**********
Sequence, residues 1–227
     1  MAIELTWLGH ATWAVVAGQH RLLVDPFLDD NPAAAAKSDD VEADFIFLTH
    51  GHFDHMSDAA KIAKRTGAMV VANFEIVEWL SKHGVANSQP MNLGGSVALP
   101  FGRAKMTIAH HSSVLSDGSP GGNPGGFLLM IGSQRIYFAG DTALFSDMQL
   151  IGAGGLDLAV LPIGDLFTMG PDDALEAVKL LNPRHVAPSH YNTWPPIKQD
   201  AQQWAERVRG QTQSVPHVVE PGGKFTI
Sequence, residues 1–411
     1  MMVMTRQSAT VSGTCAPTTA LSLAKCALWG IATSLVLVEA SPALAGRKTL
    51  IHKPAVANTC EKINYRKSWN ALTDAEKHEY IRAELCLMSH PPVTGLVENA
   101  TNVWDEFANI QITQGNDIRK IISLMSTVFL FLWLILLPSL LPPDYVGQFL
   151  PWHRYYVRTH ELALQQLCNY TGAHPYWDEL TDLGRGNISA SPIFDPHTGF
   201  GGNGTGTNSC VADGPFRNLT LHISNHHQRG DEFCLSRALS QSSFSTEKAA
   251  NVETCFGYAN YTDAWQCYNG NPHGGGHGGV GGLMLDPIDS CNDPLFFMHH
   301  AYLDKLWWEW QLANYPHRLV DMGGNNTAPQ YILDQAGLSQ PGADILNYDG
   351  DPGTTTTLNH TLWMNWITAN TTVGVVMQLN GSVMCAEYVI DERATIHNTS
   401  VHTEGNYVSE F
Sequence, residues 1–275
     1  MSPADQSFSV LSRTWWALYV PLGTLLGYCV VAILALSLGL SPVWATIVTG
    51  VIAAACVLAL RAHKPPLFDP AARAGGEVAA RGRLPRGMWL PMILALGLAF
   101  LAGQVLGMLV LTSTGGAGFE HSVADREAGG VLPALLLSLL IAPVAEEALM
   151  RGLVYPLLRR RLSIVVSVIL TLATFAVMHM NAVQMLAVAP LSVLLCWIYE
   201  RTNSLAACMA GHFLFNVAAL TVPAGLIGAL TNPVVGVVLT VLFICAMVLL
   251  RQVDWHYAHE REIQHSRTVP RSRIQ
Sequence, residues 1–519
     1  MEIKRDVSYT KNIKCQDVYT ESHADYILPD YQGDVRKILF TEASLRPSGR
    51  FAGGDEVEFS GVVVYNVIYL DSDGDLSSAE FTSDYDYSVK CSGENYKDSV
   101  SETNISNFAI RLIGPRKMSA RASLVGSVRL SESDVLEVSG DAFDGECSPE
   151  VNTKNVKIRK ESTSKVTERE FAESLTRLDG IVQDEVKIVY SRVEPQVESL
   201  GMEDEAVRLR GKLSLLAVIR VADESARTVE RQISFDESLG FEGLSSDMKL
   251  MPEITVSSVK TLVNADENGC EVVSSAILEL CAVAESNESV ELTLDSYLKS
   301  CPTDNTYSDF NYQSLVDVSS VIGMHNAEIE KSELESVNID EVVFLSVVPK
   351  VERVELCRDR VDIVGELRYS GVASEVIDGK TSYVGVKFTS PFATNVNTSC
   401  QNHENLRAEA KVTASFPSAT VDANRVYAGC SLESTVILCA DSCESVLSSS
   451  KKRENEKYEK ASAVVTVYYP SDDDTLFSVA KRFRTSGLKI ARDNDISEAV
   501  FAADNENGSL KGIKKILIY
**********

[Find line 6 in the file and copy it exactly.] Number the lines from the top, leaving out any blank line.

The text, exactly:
   201  AQQWAERVRG QTQSVPHVVE PGGKFTI